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Category:    Home > Reviews > Comedy > Drama > Crime > Fantasy > Dutch > Action > Racing > Mustang: The First 50 Years (2014/TM Video DVD Set)/The Vampire Diaries: The Complete Fifth Season (2013 - 2014/Warner Blu-ray)

Borgman (2013/Cinedigm/Drafthouse Blu-ray)/Born To Race: Fast Track (2013/Anchor Bay Blu-ray)/Firestorm (2013/Well Go USA Blu-ray)/High School Confidential (1958/Turner/Paramount/Olive Blu-ray)/Mustang: The First 50 Years (2014/TM Video DVD Set)/The Vampire Diaries: The Complete Fifth Season (2013 - 2014/Warner Blu-ray)

Picture: B-/B-/B-/B/C+/B- & C Sound: B/B/B/B-/C+/B & B- Extras: C+/C-/C+/D/B-/C Main Programs: C+/C-/C+/B-/B-/C

Here's a new set of fired-up action releases, including a fine new documentary on a sports car favorite...

Alex Van Warmerdam's Borgman (2013) wants to be a surreal, even adult fairytale film where an old man (Jan Bijovet as the title character) is hunted by men connected to a church, but he just escapes his underground hideout and gets some fellow friends hiding in similar places to wake up and quickly run. He finds refuge in a suburban house and becomes interested in the lady of the house he is let into, but h is soon finding ways to stay there more permanently than anyone should let him.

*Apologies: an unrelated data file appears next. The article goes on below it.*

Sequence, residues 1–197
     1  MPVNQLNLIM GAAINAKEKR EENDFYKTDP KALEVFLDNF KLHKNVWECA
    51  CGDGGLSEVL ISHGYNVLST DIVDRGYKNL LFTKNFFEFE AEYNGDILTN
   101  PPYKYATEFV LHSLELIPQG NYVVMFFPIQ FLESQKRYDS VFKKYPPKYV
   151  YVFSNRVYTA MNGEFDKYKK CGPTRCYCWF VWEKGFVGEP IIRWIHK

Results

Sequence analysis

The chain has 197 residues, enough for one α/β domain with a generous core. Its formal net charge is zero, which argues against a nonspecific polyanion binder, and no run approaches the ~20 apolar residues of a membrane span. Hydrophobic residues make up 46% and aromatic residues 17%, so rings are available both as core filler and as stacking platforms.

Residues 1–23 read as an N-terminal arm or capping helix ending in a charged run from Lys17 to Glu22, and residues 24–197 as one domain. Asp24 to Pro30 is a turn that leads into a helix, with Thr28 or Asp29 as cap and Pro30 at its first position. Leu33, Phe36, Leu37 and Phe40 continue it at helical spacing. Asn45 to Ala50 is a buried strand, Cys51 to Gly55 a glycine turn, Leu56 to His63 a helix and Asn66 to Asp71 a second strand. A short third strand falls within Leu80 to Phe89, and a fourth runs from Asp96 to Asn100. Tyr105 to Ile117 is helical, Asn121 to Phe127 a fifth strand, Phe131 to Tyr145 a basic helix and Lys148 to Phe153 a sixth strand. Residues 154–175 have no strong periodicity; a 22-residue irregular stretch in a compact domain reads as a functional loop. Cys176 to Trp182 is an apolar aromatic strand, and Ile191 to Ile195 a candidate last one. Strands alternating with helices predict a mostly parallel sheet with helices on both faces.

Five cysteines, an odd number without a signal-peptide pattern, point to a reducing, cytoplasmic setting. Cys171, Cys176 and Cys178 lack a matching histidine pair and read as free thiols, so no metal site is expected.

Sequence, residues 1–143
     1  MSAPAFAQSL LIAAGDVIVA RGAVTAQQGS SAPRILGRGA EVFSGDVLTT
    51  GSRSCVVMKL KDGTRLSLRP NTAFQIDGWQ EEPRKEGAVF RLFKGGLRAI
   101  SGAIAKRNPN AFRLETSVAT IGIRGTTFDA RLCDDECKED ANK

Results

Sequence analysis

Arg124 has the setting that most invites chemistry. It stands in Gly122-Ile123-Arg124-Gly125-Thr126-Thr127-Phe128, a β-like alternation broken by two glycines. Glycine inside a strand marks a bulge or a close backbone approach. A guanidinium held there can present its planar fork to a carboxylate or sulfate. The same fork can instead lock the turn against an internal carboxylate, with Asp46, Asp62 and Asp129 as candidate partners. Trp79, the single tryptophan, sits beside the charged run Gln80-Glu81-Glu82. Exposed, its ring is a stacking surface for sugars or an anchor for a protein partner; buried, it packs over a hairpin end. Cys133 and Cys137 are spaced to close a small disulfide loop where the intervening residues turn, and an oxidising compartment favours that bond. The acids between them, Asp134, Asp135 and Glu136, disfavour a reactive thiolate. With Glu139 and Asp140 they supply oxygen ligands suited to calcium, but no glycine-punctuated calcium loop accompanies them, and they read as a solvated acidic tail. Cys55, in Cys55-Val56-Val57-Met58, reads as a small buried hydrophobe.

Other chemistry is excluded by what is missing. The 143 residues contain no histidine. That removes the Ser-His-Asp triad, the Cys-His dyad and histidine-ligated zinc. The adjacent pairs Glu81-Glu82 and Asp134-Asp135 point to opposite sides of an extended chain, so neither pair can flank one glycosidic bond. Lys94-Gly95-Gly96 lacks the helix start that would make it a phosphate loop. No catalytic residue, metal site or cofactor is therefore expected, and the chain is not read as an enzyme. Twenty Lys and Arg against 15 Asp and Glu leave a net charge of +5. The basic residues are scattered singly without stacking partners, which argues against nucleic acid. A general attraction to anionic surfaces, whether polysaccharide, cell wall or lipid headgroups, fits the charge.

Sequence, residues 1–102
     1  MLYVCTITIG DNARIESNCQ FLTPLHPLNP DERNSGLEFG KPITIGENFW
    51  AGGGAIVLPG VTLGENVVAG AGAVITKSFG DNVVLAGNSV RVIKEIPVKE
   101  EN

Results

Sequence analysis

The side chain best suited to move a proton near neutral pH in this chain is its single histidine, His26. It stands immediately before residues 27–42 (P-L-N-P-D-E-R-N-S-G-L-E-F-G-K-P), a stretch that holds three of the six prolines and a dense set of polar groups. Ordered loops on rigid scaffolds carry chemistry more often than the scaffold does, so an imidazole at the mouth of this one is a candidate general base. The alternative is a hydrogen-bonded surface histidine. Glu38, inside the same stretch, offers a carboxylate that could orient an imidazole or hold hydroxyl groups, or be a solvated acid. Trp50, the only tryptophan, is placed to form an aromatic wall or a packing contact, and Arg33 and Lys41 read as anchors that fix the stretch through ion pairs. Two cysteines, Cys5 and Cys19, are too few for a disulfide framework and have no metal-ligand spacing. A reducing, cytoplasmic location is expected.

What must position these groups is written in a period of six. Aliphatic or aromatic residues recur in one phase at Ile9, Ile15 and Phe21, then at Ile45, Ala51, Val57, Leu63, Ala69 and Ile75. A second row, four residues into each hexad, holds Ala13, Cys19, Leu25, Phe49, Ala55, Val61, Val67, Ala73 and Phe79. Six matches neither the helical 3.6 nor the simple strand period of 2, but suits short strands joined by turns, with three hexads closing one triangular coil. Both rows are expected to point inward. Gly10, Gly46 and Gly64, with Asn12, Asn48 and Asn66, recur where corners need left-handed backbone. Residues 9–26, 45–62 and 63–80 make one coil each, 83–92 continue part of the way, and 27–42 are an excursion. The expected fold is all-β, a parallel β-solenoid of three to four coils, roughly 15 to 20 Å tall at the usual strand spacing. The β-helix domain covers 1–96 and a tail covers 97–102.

Form there, the script tries for open-ended mysteriousness and slight surrealism that never quite adds up and I do not think I am missing anything about Dutch culture (I've seen enough of their films to know otherwise, et al) so it is instead an exercise to try and be something it never totally succeeds in being despite a few interesting moments. The cast tries and the locales are nice, but Van Warmerdam lands up showing us things only he knows the meaning of and if it is not pretentious, it is not up to similar work from the likes of a Luis Bunuel so see it at your own risk.

Extras include Digital HD Ultraviolet Copy for PC, PC portable & iTunes capable devices and a 28-page booklet on the film, while the Blu-ray adds the Original Theatrical Trailer and Deleted Scenes.

Alex Ranarvelo's Born To Race: Fast Track (2013) is a wacky mess of clichés, bad acting, bad editing, bad directing, badly shot sports cars and 98 long minutes that looks more like an ad for Toyotas and Subarus as a bad Fast & Furious ripoff than an actual narrative exercise of any kind. That includes a bored-looking cast of unknowns, Corben Bernsen and Sharon Lawrence showing up in vein, very bad digital visual effects and a lack of energy that makes old Hot Wheels toy ads look like short art films. Skip this one!

The only extra is a Behind The Scenes featurette.

Alan Yuen's Firestorm (2013) is a Martial Arts heist thriller with limited thrills and any time things get good, clichés, silliness, bad digital visual effects (down to bad digital pigeons!) and other oddball things keep undermining anything that works here and this has some of the worst practical CGI that I have seen on any major production like this in a while. The bad guys keep finding clever ways to hijack armored trucks, but that tends to make for active breaks in a mixed script that is not as good as it thinks it is. This had the potential to be better, but inexperience and constant awkwardness undermine the whole 110 minutes so expect a choppy time.